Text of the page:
Students' Research Circle    
 
 
2022
2021
2020
2019
Call for papers
The conference
Veterinary Session
Veterinary Jury
» Biology Session
Sponsors
Awards-list
2018
2017
2016
2015
2014
2013
2012
2011
2010
2009
2008
2007
2006
2005
2004
2003
2002
Home » Archive » 2019 » Biology Session

Biology session

Investigation of individual recognition in dogs using inanimate interactive agents
Bartus Dalma Csenge III. évfolyam
University of Veterinary Medicine Budapest, Department of Ecology
Supervisors: Dr. Ádám Miklósi, Judit Abdai

Abstract:

Individual recognition (IR) is the ability to discriminate between other individuals relying on specific cues, and display specific behaviour toward each individual based on their identity. Dogs (Canis familiaris) are able to differentiate between humans and recognise their owner specifically. Previous studies also show that dogs tend to engage in social interaction with unfamiliar self-propelled objects (UMOs); however, we do not know whether they remember these agents for a long term, or the social interaction has had an impact only in the specific behavioural test. In the present experiment, we investigated whether dogs are able to generalize their ability of IR to UMOs after a short interaction, and whether they remember the interaction with the UMO over a longer period of time. First, the UMO helped dogs to obtain an unreachable ball and then engaged in playful interactions with them. Then we tested whether dogs recognize the familiar UMO by observing dogs’ behaviour toward the UMO in a four-way choice test, after one day, one week, or one month. Dogs were also tested in the same problem-solving task and playing interaction as before, to investigate whether they can remember the interactive and helpful behaviour of the UMO in general (regardless of recognizing the familiar UMO specifically). Preliminary results show that dogs do not display specific behaviour toward the familiar UMO, but they solicit help from and interact with it.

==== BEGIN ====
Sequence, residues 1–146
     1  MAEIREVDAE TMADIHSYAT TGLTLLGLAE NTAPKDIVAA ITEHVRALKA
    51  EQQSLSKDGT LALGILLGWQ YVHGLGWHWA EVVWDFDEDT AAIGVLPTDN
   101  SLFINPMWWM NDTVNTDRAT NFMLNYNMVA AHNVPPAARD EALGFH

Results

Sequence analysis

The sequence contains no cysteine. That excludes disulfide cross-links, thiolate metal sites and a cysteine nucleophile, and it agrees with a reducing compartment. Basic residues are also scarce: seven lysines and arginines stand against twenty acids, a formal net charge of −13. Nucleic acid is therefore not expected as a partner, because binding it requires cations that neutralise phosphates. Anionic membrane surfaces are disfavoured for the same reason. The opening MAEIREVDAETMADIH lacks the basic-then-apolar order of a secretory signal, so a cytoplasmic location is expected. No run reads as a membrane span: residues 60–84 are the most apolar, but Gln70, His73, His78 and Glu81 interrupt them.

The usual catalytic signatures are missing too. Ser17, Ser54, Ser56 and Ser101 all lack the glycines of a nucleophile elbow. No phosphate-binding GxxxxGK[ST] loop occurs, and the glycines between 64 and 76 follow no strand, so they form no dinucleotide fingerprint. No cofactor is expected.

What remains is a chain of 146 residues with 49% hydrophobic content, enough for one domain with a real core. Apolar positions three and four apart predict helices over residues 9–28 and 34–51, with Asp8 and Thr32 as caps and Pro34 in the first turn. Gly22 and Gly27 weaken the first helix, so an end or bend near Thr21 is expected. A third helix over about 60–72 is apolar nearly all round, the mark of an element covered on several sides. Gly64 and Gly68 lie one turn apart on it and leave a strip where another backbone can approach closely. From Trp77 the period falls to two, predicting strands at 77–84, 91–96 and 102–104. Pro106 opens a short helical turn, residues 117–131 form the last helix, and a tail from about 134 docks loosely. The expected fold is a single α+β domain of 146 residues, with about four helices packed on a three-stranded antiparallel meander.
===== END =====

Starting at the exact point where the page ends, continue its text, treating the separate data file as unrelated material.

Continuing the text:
Thus it seems that although dogs do not recognize the previously seen UMO after a short encounter, dog remembers the interaction itself even a month later. Thus although we cannot argue IR of UMOs, these agents could be used more widely in the investigation of dog behaviour and cognition, including long-term memory.



List of lectures